This might not be what fans of the Detroit Red Wings want to hear at the moment, but if you’re looking the franchise to strip things down to the wood and rebuild from the bottom, you’re going to be disappointed. Because the same thing that made the Red Wings a modern-day dynasty and fuelled them to 25 straight playoff appearances is what is going to continue to drive them.
And that is that it’s simply not in GM Ken Holland’s DNA to strive to be bad. So don’t expect the Red Wings to unload veterans en masse, fire their coach, clean house and start over. Rather than rebuild, Holland thinks the Red Wings need to retool.
“If you look at the Eastern Conference, there are five teams that were out of the playoffs last year that are in this year,” Holland said. “We’ve got to do what those other teams did last year that missed and are back in. We have to retool a little bit and try to get a little better. And over the long haul keep drafting and developing. That’s how the Red Wings were built.”
The notion of tearing things down completely and being bad for a few years and rebuilding into a powerhouse sounds really sexy to a lot of fans and fantasy hockey players, but Holland has a really good point here. Think about it. If the recipe for building a Stanley Cup contender were simply a matter of being bad for an extended period of time and accumulating high draft picks, why are the Arizona Coyotes still one of the worst teams in the NHL? Why did it take the Columbus Blue Jackets 15 years to build a contending team? Why are the Winnipeg Jets and Carolina Hurricanes still perennially missing the playoffs? The Washington Capitals have Alex Ovechkin, but haven’t been out of the first round of the playoffs.
The Toronto Maple Leafs made the playoffs once in 11 years prior to this season and are on the right track largely because they got a generational player in Auston Matthews. The Edmonton Oilers had high pick after high pick, but would probably still be a non-playoff team if not for Connor McDavid, a player they got because they won the draft lottery and were among the worst teams in the league for a decade. It makes no sense to Holland to purposely be a bad team, particularly when so many things have to fall into place to stumble onto those kinds of players.
“Why would you want to be bad with no guarantees on the other side?” Holland said. “Why would anybody do that?”
Instead of slapping their palms against their heads, Red Wing fans should be encouraged to hear those kinds of words. There is more than one way to build a contender. The losing method is one. But there’s another way. By building a team with solid drafting and development of players, the way the Red Wings did it the first time. It’s a method they know and are good at, and the last thing you want to do when you’re moving into a new arena is tell your fans the first couple of years there are going to be miserable. “Maybe if we miss the playoffs five straight years, maybe that’s an appropriate conversation to have.”
The way Holland sees it, a lot went wrong with the Red Wings this season. They had some players, namely Dylan Larkin and Gustav Nyquist, who weren’t as good this season as they were in the past. They went almost three months without scoring a power-play goal on the road. In November and December, they won three of 15 home games. And they were devastated by injuries to key players. When the Capitals were in Detroit in late February, Holland said he read a stat that said at that point in the season, the Capitals had lost 20 man-games to injury and the Red Wings had lost 343.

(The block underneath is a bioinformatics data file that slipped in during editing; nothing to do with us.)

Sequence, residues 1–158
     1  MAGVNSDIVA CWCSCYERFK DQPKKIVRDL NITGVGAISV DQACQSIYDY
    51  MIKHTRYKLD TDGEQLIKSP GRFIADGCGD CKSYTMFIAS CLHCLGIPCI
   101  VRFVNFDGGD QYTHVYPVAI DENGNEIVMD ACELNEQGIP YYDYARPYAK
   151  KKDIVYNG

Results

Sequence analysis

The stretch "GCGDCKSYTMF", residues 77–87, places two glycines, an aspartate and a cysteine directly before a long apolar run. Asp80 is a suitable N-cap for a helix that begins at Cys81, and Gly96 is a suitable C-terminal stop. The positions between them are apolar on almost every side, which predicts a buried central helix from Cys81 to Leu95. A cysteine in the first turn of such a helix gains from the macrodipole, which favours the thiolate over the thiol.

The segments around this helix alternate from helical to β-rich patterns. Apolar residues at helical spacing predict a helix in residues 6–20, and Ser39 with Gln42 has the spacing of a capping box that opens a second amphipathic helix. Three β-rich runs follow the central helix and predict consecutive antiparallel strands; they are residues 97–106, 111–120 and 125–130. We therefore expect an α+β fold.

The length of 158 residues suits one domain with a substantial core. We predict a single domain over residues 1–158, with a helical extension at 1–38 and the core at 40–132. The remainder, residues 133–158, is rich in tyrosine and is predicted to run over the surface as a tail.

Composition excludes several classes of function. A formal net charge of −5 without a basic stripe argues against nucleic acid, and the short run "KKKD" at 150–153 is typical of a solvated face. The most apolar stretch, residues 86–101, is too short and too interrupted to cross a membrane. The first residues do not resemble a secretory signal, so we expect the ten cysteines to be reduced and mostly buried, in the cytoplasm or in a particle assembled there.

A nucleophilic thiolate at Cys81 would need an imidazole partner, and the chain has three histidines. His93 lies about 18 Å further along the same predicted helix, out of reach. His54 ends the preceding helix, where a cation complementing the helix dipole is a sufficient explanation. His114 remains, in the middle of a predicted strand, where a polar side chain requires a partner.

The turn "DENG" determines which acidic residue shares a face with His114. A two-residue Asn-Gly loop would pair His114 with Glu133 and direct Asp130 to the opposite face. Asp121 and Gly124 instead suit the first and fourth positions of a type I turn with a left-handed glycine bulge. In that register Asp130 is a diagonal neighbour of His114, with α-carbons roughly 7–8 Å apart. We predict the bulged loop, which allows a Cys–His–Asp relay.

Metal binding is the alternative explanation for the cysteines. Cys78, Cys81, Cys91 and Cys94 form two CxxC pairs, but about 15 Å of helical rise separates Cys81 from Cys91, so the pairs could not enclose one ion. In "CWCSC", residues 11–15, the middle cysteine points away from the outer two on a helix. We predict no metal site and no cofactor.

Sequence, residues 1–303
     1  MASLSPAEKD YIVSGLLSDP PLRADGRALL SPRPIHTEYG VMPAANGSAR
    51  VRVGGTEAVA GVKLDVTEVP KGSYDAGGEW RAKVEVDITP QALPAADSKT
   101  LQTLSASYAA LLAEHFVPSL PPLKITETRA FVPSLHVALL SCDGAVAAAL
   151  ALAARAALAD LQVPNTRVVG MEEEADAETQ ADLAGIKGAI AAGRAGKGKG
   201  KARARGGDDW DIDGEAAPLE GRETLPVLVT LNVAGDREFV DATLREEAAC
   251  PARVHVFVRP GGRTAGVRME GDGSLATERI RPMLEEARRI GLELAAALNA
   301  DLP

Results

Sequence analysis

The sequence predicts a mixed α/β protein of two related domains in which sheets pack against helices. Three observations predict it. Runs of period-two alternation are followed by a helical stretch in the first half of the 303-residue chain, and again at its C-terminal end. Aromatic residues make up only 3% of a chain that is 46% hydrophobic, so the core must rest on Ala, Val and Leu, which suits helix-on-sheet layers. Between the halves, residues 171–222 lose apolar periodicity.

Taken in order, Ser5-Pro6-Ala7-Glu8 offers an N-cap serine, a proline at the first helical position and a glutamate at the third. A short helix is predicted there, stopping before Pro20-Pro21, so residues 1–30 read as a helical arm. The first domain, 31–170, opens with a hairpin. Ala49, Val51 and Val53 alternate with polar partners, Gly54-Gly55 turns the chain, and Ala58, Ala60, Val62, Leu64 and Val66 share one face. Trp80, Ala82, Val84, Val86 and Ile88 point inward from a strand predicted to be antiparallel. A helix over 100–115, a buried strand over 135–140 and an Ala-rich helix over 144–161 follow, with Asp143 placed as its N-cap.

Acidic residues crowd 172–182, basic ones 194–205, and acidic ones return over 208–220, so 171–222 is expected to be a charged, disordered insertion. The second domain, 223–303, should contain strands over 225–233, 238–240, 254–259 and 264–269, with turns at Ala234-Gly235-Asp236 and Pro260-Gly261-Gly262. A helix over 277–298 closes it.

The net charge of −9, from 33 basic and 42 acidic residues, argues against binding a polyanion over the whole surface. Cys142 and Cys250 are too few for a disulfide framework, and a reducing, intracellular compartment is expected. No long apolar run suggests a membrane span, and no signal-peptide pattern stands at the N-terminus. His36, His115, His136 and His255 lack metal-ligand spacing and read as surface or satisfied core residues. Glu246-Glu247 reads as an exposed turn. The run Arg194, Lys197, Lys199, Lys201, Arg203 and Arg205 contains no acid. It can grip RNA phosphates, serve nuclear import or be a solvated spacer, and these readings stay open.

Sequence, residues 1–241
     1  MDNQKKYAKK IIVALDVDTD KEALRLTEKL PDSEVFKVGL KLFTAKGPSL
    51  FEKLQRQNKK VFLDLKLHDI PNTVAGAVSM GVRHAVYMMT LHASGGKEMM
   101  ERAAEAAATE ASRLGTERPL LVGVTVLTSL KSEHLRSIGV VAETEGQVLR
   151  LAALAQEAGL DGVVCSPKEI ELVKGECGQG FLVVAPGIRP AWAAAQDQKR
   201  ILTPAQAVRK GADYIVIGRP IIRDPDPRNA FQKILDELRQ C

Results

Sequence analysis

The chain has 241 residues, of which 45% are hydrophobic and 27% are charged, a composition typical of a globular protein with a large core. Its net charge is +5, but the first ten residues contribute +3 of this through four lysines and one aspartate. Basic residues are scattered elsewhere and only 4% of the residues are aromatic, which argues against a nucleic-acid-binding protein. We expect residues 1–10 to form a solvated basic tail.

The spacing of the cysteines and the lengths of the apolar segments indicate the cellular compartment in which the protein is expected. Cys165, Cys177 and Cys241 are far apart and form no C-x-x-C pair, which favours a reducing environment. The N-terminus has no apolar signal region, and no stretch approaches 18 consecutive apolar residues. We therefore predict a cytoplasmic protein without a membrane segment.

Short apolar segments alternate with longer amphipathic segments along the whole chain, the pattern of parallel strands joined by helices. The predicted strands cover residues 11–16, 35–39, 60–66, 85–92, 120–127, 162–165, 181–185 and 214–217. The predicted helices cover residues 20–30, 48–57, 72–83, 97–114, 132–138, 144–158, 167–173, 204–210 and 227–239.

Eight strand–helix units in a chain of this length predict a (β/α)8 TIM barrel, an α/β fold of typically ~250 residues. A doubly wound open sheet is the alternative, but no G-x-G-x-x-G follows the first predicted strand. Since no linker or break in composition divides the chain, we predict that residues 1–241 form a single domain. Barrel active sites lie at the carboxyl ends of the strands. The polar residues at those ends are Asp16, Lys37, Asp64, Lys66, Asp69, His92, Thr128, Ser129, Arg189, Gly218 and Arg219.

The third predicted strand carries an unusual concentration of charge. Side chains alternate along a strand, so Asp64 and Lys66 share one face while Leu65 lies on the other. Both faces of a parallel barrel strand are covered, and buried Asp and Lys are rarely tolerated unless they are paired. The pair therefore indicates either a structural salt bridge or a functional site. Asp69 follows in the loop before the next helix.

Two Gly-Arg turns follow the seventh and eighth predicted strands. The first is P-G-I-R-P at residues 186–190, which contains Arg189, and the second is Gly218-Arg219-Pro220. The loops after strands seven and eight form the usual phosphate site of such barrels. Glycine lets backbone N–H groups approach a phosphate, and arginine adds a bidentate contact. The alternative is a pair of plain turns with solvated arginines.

Nobody said this was going to be easy. The Red Wings are in a cap crunch, with seven players aged 30 or older who have two or more years left on their deals (eight if you include Johan Franzen, who is on the long-term injury list). The Red Wings will be dinged to the tune of $2.6 million next season for the Stephen Weiss buyout. And lest you think the Red Wings would even entertain the thought of moving Henrik Zetterberg, perish the thought immediately. “Zetterberg’s jersey is going in the rafters,” Holland said.
The Red Wings will be in the front row of the draft for the first time since they took Keith Primeau third overall in 1990. If they stay where they are in the standings, they’ll pick seventh in the first round and 38th in the second and will have four third-round picks. Its farm team is near the top of the Western Conference in the American League and has some players who are close to being ready for the NHL in Evgeny Svechnikov, Tyler Bertuzzi and Tomas Nosek. Larkin has taken a step backward in terms of offensive production, but he’s continually learning to play a complete game and adjusting to being more heavily scrutinized. Andreas Athanasiou and Anthony Mantha have surprised with their contributions. They have a good young coach who is getting better.
That doesn’t mean Holland will not be looking to make improvements from outside the organization. But again, making earth-shaking deals is much easier in fantasy hockey than it is in real hockey. “Am I going to work the phones?” Holland said. “Yeah, we’ve had a lousy year. I’m not going to step up and make this bold announcement, ‘I’m going to make massive, sweeping changes.’ I don’t know if I’m going to make massive, sweeping changes. Maybe nobody likes our players or their contracts.”